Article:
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Monday's papers: Sexism in Finnish politics, services held for murdered aid workers, and pain relief by phone

Jibes about weight, online abuse, and growing pressure over appearance - these are the things some female politicians say they are subjected to while their male colleagues are free to get on with their job. The debate over differential treatment in Finnish politics was reignited over the weekend with a prominent MP speaking out about the treatment she's received, and in today's papers many other women parliamentarians come forward to describe similar experiences. Elsewhere, the organisation whose two Finnish aid workers were murdered in Afghanistan last week says it's suspending its local mental health projects, and Helsinki health authority begins offering pain-relief advice to cancer sufferers by phone.

Merja Kyllönen
MEP Merja Kyllönen took to Aamulehti this weekend to speak out about sexism in Finnish politics Image: Yle

Many newspapers pick up on the debate about sexism in Finnish politics, which was reignited over the weekend after a damning account of the harsh criticism levelled at female MPs over their appearance, described in a column in Aamulehti by Left Alliance MP Merja Kyllönen.

While their male colleagues are free to look and dress how they like in summer, regardless of their physical appearance, female parliamentarians come in for a constant stream of abuse in the media, online and even in person, Kyllönen argued.

“Who would enjoy being told when you meet someone: 'Ah, in real life you don’t look as fat as on the telly’?” she asked.

And, she said, the problem is getting more acute.  “For years I’ve got used to the fact that it’s fair game to criticise women politicians for their appearance. Newspapers do go on about their weight or what they wear. But it’s a new thing that people are criticising our faces too now,” Kyllönen wrote.

Following Kyllönen’s comments, Monday’s papers carry a string of responses from other female MPs, most of them echoing Kyllönen’s experiences.

Centre Party MP Annika Saarikko tells Iltalehti that she thinks Finns’ way of talking to each other has become more direct, thanks to anonymous online comment pages and communications. Saarikko says she doesn’t read web comments about herself any more as a result of the personal abuse.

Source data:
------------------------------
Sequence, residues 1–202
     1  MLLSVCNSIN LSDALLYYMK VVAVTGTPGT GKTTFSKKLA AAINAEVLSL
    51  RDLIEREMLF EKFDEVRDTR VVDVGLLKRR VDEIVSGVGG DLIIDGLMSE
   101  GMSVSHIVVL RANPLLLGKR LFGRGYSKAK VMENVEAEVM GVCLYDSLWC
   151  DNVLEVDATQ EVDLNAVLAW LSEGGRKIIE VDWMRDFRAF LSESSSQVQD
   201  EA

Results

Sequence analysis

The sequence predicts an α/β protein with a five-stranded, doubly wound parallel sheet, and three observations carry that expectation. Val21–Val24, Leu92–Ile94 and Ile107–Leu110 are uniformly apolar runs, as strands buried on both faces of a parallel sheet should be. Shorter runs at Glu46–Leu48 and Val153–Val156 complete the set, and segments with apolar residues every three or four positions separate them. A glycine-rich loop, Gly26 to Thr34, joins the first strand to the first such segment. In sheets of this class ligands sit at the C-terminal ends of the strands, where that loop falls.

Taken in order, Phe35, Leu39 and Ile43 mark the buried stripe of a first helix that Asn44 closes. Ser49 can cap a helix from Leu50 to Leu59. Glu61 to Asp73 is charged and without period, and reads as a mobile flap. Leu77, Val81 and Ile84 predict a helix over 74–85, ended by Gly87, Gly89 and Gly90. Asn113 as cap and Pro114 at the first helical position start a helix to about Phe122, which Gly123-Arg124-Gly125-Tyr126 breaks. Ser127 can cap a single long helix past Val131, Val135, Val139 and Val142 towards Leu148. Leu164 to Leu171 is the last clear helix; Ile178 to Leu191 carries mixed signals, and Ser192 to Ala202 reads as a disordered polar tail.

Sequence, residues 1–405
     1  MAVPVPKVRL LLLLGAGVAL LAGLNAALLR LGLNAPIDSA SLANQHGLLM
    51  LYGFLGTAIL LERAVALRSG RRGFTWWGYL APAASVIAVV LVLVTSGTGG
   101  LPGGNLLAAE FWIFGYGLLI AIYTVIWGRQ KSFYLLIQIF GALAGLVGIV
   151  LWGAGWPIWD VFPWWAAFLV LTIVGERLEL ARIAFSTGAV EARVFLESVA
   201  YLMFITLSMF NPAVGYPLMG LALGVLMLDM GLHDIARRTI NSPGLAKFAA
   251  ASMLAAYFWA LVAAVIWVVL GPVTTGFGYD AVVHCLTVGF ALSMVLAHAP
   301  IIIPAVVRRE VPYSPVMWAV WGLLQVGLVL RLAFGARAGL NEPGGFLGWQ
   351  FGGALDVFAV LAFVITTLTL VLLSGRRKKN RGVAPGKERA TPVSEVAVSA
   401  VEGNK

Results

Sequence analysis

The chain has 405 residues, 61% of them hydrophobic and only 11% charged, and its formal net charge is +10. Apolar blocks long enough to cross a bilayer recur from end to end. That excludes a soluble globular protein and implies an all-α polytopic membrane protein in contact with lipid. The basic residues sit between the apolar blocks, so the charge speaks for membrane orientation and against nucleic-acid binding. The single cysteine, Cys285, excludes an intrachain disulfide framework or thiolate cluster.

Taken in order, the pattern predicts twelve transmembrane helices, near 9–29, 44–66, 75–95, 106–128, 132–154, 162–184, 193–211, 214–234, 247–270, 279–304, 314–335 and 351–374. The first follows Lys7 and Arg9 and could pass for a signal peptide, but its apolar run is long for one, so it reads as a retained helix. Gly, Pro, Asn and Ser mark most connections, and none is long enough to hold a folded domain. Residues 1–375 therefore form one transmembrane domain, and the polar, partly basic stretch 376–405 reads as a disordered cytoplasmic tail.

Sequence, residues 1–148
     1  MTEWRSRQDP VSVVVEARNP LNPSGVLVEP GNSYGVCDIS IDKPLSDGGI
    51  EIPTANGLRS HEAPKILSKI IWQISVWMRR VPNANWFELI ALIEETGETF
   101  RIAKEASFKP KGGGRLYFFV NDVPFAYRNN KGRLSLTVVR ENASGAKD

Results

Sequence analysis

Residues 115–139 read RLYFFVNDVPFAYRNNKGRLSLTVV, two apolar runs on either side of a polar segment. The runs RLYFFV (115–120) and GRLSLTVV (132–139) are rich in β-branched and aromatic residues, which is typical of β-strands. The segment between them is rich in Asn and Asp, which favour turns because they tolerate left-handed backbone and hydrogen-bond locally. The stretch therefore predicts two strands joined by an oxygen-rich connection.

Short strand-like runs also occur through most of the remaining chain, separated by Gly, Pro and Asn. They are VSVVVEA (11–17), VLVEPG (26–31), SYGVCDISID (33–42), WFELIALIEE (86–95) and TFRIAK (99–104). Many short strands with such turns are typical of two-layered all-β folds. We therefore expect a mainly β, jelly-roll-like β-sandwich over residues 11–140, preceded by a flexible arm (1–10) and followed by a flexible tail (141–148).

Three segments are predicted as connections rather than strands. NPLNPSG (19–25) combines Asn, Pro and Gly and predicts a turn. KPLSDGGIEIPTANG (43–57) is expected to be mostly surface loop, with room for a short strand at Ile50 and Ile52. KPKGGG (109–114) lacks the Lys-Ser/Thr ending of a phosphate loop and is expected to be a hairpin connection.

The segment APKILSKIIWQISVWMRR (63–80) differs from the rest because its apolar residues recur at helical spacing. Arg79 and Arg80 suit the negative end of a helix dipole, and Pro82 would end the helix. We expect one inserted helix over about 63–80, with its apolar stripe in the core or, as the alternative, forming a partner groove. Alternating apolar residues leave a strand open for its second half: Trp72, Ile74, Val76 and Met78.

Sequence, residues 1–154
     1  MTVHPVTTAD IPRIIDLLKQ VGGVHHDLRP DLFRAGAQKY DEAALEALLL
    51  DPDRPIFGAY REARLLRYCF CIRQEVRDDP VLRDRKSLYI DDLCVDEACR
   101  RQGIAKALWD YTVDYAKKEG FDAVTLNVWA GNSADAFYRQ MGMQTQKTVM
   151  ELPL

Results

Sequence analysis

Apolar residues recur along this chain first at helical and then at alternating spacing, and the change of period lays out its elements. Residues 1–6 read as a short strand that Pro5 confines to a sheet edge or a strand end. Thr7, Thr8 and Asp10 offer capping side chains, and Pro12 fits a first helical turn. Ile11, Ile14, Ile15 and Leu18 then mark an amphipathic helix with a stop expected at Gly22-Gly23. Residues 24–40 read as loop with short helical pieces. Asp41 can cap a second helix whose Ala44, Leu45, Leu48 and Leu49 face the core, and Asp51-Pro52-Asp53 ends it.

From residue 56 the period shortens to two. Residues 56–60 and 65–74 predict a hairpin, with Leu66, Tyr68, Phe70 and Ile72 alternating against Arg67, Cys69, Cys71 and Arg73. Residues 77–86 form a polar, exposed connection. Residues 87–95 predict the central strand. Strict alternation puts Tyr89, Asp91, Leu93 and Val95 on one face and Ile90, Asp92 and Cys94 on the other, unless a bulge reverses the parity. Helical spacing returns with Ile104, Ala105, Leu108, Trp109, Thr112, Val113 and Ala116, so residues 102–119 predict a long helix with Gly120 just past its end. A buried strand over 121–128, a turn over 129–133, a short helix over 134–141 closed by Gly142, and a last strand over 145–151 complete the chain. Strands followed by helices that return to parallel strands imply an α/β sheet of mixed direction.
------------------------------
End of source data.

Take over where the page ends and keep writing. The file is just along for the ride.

For SDP politician Hanna Tainio, the problem is not just about explicit attacks. “When I see what’s written about me in columns I’m always amazed. They’re not especially hurtful things, but things are written about me that are not at all linked to my profession,” she says.

Interior Minister Päivi Räsänen – whom Ilta-Sanomat claims did not own any makeup before she got into politics – says she sees the issue as part as a wider problem, that pressure on women and girls over their appearance has grown throughout society. She’s not against praising someone for their appearance though, Räsänen insists, but she says it’s wrong if a politician’s judged solely on how they look.

Herat projects suspended

Turun Sanomat is among the many papers today reporting on the latest in Herat, western Afghanistan, where two Finnish aid workers were shot dead last week. The organisation the two mental health practitioners worked for, the International Assistance Mission, has decided to suspend its projects in the city for at least a few weeks as a result of the deteriorating safety situation.

The Christian aid body announced yesterday they will also stop sending foreign staff to the region, Turun Sanomat says, adding that a series of services were held in churches across Finland on Sunday to remember the two victims.

Pain relief by phone

Helsingin Sanomat reports on a new initiative by Helsinki’s health authority, to offer pain relief to cancer sufferers by phone. The free service puts patients in touch with an expert who can give advice about medication and arrange a consultation if necessary. A cancer specialist tells the paper that many pain-relief issues can in fact be resolved by helping the patient manage their medication.

The hotline also has another purpose – to gather information about when cancer pain relief medicines are failing to work, and use the data for further medical research. Providing the patient agrees to their case being analysed, the health authority hopes the insight gained will help improve pain care in the future.

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